*** Coletta Factor: GTAIV plot spoilers below***
About a week ago, Leigh Alexander wrote an interesting post about the of boom-and-bust cycle that surrounds the release of critically lauded titles like Bioshock and GTAIV. The game releases to rapturous acclaim, then the backlash and the nit-picking set in, and then the nomadic gaming public moves on to the next AAA game and forgets about it entirely: the four-month bell curve. And the odd thing is that my personal four-month bell curve with GTAIV came to an end this week, when I made the final push and finished the game after buying it at a midnight launch. And my dominant thought after witnessing the game's tragic finale was: we should still be talking about this game. Why aren't we?
Well, it seems to me that everyone who had to play and finish the game within the first week (most members of the game press who had to play through the game for review) got a bad deal in terms of being able to appreciate what the game has to offer. I don't think anyone is going to forget their first taste of Liberty City. The first hours of GTAIV are likely to be burned into the collective subconscious of a generation of gamers, because the world of GTAIV is by any reckoning the most detailed and visually impressive environment ever created in a video game. And I spent quite a few hours at the start simply marveling at the details of the environment, enjoying the narrative, and appreciating how so many of the inconveniences of the previous iterations had been eliminated.
However, there was a distinct break about halfway through where the honeymoon ended. After a while you quit slowing down to appreciate all the architecture and you get sucked into completing the missions, and around the same point the ludonarrative dissonance sets in and you become disenchanted with the way your character is compelled to act during the missions. And this was the point at which I (like many others, I think) came to a dead stop and moved on to other things.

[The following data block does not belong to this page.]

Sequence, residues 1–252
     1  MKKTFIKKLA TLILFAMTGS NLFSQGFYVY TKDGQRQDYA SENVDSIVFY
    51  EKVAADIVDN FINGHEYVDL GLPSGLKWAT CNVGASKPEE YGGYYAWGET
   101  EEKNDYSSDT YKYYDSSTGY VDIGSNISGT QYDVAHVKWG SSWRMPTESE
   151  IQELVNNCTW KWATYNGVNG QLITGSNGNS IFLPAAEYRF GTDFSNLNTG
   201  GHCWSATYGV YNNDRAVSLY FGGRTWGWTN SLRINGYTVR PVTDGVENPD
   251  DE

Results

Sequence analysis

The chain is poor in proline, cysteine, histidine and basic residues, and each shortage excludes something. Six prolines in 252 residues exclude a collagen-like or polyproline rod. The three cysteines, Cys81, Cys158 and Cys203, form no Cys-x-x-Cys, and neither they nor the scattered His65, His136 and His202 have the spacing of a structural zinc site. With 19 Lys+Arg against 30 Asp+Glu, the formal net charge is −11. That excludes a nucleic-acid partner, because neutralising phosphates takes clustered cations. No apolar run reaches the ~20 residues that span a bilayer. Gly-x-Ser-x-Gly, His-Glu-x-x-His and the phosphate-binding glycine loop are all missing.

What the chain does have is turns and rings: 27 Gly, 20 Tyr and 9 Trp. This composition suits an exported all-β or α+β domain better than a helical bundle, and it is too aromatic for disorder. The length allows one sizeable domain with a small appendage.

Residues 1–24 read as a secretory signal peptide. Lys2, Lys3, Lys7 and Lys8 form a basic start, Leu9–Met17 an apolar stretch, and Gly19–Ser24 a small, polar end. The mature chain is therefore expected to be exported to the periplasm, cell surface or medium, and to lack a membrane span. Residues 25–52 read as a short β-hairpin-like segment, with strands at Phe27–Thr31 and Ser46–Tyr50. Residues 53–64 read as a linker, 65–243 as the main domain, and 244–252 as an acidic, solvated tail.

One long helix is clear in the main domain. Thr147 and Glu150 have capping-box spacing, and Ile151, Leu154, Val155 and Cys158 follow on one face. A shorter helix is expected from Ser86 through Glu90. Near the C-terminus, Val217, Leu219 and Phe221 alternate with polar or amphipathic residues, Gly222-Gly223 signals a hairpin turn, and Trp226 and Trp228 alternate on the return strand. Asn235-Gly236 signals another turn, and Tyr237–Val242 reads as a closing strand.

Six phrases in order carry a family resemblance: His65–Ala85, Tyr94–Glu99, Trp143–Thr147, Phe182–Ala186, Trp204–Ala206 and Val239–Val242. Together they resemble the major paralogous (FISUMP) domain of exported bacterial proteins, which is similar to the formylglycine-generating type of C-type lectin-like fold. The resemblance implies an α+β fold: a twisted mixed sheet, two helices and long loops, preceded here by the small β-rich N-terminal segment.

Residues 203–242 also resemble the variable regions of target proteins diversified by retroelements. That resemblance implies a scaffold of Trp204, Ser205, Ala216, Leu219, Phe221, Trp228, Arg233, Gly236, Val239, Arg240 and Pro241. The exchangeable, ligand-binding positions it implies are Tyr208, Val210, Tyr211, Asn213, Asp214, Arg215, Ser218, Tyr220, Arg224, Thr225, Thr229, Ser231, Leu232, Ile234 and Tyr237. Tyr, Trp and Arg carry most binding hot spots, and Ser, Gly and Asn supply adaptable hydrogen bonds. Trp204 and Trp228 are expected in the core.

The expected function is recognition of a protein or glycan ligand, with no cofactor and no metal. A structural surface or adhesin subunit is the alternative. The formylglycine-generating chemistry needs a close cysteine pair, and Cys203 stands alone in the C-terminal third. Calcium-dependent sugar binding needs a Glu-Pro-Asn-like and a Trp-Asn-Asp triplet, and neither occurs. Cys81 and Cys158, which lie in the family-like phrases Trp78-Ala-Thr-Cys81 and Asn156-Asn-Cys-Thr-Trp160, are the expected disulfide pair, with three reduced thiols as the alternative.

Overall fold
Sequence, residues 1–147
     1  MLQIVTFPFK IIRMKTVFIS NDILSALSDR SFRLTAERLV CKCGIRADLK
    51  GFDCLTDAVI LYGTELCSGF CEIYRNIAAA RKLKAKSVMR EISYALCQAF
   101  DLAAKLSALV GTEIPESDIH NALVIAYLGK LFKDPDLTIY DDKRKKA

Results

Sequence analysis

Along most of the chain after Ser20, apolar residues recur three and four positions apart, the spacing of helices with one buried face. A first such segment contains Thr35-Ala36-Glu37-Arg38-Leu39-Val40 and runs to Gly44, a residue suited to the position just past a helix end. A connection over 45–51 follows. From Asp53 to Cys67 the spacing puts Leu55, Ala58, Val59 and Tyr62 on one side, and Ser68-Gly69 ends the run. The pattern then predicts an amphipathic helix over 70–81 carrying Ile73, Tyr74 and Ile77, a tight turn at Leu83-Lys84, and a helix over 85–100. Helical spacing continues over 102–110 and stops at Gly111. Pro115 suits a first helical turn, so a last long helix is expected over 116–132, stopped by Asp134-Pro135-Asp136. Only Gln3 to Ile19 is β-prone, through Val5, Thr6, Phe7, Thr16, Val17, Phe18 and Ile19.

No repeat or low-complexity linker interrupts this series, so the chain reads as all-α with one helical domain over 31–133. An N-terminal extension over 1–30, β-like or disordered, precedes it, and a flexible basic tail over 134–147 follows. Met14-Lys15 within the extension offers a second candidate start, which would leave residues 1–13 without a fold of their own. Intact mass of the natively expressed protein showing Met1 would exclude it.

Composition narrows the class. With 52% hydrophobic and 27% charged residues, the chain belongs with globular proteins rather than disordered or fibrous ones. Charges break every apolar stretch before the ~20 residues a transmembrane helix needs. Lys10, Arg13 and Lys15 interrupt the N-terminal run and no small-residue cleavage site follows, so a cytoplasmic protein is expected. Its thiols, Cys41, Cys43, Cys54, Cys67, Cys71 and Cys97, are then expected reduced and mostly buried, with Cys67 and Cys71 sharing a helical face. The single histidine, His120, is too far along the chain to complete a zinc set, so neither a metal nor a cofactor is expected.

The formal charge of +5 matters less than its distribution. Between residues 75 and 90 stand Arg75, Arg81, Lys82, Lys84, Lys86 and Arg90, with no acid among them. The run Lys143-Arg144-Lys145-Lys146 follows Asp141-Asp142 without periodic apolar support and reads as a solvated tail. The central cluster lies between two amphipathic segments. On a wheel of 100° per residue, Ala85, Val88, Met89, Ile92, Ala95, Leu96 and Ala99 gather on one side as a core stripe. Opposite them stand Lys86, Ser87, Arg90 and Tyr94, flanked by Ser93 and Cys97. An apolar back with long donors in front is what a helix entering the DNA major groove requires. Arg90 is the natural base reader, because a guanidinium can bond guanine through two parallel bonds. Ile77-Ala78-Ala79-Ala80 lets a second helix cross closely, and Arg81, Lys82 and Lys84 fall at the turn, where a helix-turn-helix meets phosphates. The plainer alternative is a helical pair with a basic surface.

In retrospect it was a good thing that I stopped there, because I got a different perspective on the game when I returned to it a few months later. On one hand, the world impressed the shit out of me all over again, and on the other hand I found I had new stores of patience with the social-networking structure. And it was only after re-thinking the game from the perspective of these elements that I came under the sway of the game's thesis.
To my mind, the felt disconnect between the peace-loving Nico of the cutscenes and the unrepentant bloodletter of the missions, while disenchanting, is an element of the narrative itself. So many of the narrative pieces (especially his relationship to the mafia and police) explicitly play on the idea that Nico's plight is living a life chosen for him by others. The only role available to him is this weird hybrid assassin-janitor; like many other new visitors to our shores, he spends his time cleaning up other peoples' messes for money. Everyone in power also has some nasty history that they are unwilling to deal with themselves, and it falls to the newcomers to keep the gears of capital turning smoothly without staining the reputations of its controllers. As a player, you don't have any choice in this; to keep the narrative progressing you must resign yourself to piling up corpses for your handlers regardless of how you feel about it.